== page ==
No-Fault Divorce to End a MarriageYou don't hate your husband. Your husband doesn't hate you. Things, however, just haven't worked out in your marriage. There are differences you should have seen as hurdles in the beginning, but they didn't manifest until the honeymoon was over. Maybe it's time to seek a no-fault divorce.
A no fault divorce happens when a couple want to end their marriage. One spouse has clearly not wronged the other, but the union has broken down. There has been no adultery, no abuse, financial impropriety or other traditional divorce grounds. When a marriage breaks down simply because the parties no longer wish to be married anymore, a no fault divorce may take place. This has become a common form of divorce in the United States and most states recognize no fault divorce grounds as a legitimate reason to end a marriage. Courts may refer to this as "divorce on the basis of irreconcilable differences", meaning the couple just can't - or don't want to try and fix it anymore, and have decided it's best to split. That's the basis of a no-fault divorce.
No fault divorce rules eliminate the requirement that there must be a specific reason for the divorce. All 50 states now allow no-fault divorces, recognizing that people sometimes grow apart. Sometimes there are complex personal reasons for no longer wishing to be married. Plus, it is widely agreed by legal professionals and professional counselors that reducing conflict in a divorce - regardless of fault - is a healthier scenario for both spouses and prevents unnecessary trauma and emotional turmoil for other family members, friends, and - especially - for children of the marriage.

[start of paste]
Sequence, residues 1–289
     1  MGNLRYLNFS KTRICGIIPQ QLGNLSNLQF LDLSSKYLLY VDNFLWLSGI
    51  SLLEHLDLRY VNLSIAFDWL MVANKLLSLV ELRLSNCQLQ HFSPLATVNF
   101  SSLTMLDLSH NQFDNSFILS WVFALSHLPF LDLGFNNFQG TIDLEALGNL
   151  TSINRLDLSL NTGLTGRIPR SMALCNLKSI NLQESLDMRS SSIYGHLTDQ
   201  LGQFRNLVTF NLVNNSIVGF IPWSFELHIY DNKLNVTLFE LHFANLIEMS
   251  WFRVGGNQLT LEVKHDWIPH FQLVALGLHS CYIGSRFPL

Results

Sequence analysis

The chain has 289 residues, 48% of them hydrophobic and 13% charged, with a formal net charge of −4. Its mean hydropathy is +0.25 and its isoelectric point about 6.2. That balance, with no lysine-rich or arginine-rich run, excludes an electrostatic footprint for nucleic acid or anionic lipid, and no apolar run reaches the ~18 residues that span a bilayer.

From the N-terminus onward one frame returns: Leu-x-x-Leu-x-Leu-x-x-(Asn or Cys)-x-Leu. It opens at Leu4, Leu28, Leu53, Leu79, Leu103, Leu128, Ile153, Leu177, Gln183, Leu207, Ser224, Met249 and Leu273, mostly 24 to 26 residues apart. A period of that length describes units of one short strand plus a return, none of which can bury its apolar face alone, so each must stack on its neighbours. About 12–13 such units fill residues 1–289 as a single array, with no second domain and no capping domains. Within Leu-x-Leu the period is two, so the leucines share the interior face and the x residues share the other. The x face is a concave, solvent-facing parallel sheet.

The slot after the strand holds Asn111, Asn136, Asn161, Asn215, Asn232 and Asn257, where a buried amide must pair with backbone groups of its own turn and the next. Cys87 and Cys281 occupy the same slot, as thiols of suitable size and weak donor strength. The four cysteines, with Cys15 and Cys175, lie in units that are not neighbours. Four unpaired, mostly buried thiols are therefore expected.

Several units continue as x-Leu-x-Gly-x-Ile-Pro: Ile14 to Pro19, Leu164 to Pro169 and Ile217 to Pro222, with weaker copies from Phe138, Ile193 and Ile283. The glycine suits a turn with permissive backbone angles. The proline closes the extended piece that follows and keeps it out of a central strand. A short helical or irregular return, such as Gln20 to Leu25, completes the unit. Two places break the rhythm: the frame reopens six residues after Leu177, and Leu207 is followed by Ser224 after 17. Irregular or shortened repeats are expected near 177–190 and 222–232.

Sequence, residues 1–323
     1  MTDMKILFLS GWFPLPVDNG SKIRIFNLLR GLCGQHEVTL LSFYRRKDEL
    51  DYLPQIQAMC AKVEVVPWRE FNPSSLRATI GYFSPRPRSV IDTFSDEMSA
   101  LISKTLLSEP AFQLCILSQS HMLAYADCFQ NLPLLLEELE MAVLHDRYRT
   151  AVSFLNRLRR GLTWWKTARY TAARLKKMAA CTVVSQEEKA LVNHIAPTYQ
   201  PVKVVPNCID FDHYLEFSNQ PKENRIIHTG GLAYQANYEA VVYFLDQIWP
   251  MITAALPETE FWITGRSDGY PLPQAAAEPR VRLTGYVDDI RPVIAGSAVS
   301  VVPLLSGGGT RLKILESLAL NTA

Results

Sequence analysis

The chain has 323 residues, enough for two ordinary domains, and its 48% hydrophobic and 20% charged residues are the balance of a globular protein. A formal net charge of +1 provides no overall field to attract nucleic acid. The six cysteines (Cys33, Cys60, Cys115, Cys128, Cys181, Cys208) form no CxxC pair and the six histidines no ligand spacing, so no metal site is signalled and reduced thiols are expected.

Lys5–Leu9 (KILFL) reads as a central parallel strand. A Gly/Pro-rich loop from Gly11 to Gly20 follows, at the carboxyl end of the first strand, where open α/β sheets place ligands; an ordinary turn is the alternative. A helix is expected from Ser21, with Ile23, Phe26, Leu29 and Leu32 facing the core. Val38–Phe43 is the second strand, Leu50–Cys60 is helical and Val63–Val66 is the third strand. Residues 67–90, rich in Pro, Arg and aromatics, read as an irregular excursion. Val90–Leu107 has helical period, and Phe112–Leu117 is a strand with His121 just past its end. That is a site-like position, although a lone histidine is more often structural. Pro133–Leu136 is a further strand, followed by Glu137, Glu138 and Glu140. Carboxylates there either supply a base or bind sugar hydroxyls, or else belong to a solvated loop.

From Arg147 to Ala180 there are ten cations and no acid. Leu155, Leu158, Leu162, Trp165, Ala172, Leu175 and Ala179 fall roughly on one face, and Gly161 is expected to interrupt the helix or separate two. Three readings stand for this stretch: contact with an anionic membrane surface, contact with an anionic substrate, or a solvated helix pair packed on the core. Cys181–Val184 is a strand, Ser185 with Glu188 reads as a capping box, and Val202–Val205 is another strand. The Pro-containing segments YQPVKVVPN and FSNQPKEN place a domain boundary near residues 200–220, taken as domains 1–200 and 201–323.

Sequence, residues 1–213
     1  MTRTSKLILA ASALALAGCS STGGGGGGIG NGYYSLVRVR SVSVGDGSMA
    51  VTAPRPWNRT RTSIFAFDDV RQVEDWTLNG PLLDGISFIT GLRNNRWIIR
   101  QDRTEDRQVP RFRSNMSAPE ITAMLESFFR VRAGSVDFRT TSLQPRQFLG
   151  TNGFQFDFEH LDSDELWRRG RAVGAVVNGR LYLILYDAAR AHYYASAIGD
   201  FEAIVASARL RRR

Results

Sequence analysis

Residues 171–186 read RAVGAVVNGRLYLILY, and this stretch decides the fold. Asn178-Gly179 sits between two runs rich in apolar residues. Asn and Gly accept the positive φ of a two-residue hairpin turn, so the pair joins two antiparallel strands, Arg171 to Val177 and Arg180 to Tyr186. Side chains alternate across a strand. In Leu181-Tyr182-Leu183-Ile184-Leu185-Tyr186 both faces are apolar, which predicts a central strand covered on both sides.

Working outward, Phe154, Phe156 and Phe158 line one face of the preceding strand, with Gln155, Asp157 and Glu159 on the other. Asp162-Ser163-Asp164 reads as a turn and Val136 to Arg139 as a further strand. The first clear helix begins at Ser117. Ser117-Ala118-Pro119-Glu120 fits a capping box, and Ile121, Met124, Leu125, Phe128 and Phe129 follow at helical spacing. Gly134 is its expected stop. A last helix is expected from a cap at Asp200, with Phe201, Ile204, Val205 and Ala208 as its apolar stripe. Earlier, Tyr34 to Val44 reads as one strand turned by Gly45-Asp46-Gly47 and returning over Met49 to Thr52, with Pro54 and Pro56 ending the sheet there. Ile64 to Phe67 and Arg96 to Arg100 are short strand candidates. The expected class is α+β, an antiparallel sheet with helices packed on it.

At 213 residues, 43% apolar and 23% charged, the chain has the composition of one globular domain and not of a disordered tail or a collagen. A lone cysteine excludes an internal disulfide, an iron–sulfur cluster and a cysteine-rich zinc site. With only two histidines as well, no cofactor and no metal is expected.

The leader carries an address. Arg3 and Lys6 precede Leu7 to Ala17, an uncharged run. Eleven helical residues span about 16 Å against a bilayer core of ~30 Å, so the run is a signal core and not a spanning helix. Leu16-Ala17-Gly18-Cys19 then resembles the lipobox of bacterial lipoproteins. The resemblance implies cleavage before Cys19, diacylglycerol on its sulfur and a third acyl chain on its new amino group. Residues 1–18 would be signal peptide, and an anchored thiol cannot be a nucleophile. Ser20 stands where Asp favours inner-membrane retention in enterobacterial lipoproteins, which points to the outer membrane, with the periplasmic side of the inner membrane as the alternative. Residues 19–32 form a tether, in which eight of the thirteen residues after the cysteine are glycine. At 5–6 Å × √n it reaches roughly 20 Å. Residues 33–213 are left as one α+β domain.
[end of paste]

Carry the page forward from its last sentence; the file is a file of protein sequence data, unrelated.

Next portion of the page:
The exact requirements for a no fault divorce vary by state, but in many states the couple only has to file papers and live apart for a certain set period of time. In other cases in other jurisdictions, couples seeking a no-fault divorce may also need to go through a process of becoming legally separated before you may file for a no fault divorce. If children were born during the marriage, some states require that parents take a class on the effect of divorce on children to prepare both the parents and their kids for this life-changing event.
The no-fault divorce process usually begins with one spouse filing a divorce petition in the court where they live. Before preparing and filing the divorce the spouses meet with divorce attorneys, and, after examining financial records and information, they draft a plan for distribution of the assets (property, real estate holdings, car, savings, etc.) between the spouses. A spouse will get a deadline to respond to the divorce petition, and during this time, one of the divorce attorneys usually requests temporary orders that hold until the divorce becomes finalized. The spouses may agree to the preliminary orders outright, or the court may hold a hearing.
Temporary orders may include orders regarding which parent has custody of the children, child visitation and support, and spousal support (alimony payments). Temporary orders also commonly address financial issues, and may include freezes on what the spouses may do with marital assets, who has control of the money and joint bank accounts, and which spouse may live in their home. The court may also put in place a restraining order if there is a history of domestic violence.
The next step in the no-fault divorce is to come to an agreement regarding property, child custody, and child support, through their lawyers or through divorce mediation. If the spouses just can't agree on most issues, cases may end up in trial after all or being decided by a judge, and the no-fault option is lost.